There are lots of little inlets from the ocean along the southern part of the Kerala coastline. We were told that the spits of land were man-made and on one side of them there were large rice paddies. Apparently during the rainy season, there is enough flow into these areas that the water is fresh and the rice can be grown. In the dry season it gets more salty.
We had an idyllic 20-hour houseboat ride through these backwaters from Alleppey. The boats are a range of sizes but ours was about 40-feet long (see photos). The walls and roof are made from woven palm fronds and they are quite striking. We had 3 staff (the driver, the cook and the boss) and we were treated like queens. We sat on the deck in big armchairs, sipping on coconuts full of coconut water. It was quite hot out so we felt very lazy and enjoyed just sitting there reading, playing cribbage and looking at the scenery. The food was unbelievable. Kerala cooking is really delicious with lots of coconut and bananas. The stores in Kerala sell 4 or 5 different types of banana. We bought 3 huge prawns from a fisherman after lunch and had them at dinner.
Our last few days we spent at a fairly touristy beach resort called Varkala, where we could actually put on a bathing suit and not feel self-conscious. We both had come down with colds by this time so it was good timing to be able to veg out for a couple of days. The food here was great too. We sat on top of a cliff and for the equivalent of about US$8 each would have a dinner of curried fish straight from the ocean and warm rice pudding flavoured with cardamom for dessert.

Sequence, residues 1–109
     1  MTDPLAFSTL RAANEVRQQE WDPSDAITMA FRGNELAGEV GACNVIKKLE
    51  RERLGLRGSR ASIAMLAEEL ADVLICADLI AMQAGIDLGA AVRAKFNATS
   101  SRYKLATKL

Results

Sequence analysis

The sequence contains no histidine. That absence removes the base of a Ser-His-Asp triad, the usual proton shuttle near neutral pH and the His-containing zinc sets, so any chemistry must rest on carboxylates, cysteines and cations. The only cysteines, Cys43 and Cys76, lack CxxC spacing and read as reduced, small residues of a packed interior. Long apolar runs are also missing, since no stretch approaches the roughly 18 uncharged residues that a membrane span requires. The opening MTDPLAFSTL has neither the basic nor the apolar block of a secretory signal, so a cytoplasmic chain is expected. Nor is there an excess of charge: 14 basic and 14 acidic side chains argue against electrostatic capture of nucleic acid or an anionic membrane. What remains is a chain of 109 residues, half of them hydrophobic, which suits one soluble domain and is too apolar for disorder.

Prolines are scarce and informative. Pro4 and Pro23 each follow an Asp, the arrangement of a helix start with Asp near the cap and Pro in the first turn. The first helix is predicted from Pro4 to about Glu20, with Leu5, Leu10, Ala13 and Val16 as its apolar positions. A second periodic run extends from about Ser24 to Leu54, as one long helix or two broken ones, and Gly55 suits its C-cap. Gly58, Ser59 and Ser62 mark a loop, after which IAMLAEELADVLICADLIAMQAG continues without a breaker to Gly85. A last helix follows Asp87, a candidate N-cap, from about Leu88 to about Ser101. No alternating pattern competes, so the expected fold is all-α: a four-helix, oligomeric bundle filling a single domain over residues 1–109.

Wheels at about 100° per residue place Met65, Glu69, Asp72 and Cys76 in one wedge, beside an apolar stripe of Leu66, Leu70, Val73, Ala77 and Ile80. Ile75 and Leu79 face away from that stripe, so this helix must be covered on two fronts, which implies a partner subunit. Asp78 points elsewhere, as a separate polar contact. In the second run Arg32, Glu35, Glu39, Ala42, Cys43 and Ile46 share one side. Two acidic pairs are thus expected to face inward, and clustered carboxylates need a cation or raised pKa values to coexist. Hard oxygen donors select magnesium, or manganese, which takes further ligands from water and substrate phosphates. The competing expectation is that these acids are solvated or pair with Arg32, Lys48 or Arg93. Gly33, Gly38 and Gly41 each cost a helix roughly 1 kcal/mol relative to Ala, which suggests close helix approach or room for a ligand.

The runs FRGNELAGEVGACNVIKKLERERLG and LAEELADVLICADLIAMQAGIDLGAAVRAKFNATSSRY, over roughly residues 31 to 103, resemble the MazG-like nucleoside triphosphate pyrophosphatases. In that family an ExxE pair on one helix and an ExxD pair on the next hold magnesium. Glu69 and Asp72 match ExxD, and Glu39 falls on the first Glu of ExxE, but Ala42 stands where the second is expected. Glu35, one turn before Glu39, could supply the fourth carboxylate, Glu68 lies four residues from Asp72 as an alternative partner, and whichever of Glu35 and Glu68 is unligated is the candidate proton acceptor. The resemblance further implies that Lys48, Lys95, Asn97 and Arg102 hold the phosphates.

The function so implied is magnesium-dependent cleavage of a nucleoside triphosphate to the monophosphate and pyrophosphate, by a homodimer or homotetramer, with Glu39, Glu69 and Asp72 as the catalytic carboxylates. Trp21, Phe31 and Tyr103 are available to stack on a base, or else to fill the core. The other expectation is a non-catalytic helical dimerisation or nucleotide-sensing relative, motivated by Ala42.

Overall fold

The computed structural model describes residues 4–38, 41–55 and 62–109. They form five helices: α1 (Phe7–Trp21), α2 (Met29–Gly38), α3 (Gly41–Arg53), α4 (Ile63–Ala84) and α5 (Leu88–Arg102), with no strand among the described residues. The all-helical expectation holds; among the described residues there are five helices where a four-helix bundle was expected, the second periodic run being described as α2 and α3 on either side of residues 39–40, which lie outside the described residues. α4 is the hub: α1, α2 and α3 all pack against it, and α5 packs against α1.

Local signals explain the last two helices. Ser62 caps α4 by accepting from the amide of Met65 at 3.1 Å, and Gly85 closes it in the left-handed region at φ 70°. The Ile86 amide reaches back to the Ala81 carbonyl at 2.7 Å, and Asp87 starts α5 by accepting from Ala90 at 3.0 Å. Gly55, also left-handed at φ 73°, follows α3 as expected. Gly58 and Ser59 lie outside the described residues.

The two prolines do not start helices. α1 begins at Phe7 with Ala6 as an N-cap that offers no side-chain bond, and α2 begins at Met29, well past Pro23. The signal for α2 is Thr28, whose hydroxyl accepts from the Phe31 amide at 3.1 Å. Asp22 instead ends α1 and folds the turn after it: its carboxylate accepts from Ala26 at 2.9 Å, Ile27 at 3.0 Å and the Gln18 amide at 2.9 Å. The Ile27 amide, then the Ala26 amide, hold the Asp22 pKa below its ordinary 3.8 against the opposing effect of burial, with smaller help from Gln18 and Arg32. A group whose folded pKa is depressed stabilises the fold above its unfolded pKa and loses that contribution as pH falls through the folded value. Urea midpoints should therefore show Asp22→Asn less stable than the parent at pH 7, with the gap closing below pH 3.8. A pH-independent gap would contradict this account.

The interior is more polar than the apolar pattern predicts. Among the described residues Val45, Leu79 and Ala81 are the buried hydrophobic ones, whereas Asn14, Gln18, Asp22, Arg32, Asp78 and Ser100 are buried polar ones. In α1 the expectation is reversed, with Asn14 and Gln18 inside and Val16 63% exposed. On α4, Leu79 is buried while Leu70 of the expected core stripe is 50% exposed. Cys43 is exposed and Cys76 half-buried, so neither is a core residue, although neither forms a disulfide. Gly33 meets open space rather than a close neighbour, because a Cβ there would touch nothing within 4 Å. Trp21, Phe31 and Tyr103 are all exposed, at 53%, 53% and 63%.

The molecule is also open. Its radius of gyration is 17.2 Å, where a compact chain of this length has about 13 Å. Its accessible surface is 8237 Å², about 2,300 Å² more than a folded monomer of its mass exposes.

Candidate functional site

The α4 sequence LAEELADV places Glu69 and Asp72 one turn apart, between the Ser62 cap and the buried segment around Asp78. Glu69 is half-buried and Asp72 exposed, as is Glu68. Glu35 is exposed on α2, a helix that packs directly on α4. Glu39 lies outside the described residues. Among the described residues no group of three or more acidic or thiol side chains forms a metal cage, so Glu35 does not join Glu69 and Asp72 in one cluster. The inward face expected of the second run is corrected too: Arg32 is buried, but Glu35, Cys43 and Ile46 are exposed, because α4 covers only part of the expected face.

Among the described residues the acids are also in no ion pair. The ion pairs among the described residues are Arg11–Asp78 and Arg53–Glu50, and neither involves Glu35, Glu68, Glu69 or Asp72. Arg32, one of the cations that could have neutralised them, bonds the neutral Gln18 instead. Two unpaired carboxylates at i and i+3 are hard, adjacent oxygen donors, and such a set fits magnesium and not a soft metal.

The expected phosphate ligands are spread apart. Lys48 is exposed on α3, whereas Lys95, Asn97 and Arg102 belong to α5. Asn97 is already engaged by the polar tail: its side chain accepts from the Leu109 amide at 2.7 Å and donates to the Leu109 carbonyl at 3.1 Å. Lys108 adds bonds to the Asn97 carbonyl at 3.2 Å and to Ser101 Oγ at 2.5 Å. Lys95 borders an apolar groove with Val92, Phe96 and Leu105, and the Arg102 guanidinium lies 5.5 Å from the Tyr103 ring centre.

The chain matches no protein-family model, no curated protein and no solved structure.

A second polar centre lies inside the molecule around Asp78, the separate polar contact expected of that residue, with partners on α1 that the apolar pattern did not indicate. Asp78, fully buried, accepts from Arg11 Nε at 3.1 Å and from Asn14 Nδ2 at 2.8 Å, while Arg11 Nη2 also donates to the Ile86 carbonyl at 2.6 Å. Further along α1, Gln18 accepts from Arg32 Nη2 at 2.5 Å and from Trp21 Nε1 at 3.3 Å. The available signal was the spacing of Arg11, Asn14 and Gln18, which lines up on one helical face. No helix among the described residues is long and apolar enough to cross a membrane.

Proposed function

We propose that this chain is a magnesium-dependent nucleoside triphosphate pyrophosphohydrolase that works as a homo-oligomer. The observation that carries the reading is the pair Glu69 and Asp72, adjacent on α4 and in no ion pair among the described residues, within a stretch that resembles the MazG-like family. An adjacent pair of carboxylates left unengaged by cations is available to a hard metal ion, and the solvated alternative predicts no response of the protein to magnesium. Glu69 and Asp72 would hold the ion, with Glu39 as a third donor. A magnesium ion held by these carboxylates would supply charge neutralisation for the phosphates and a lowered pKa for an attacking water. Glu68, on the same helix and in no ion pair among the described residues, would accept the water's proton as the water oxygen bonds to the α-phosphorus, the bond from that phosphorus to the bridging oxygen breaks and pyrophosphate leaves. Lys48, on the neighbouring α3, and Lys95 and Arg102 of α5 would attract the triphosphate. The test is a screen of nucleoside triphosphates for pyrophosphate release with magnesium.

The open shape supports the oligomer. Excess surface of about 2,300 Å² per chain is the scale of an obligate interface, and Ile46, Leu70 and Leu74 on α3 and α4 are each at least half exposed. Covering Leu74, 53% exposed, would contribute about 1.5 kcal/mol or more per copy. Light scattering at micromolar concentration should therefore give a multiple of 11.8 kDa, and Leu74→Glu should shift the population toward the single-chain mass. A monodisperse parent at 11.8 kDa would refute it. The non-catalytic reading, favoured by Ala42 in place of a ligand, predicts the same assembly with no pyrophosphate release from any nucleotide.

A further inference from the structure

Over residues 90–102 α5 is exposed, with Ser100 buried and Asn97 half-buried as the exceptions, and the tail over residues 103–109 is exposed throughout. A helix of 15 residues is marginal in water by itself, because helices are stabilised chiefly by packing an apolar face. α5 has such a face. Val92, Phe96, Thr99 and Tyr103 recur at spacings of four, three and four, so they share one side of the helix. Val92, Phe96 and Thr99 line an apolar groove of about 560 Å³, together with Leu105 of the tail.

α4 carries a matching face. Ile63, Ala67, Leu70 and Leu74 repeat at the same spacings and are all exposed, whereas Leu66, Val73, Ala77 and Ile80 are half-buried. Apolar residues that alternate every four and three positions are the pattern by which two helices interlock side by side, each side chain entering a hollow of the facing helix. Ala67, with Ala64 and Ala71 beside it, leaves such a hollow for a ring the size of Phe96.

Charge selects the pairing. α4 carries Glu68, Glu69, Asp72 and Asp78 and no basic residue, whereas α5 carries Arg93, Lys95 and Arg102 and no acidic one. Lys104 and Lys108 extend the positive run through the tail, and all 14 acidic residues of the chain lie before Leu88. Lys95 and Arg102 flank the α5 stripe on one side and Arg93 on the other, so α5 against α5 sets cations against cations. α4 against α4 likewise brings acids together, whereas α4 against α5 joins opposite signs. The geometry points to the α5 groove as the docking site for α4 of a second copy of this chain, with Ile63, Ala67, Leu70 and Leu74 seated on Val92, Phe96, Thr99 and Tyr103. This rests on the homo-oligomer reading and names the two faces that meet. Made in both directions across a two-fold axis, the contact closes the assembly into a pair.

The fisherman at Varkala reminded me of how cheap labour must be in
. They would set out a large fishing net about a mile offshore using boats. Ropes would be attached to each end and brought to shore. About 20 men would pull on each rope for many hours until the net was brought in and the fish collected. We saw another interesting fishing method in India at the start of our vacation. There was a swift current along the shore there so a net was set up with each corner attached to a frame of logs. The center of the frame was attached to a rope and pulley setup with stones attached as a counter balance. When they were ready to pull in the net, the men pulled on the rope with the stones and the frame closed like an umbrella, collecting the fish in one small section of the net. Fort Cochin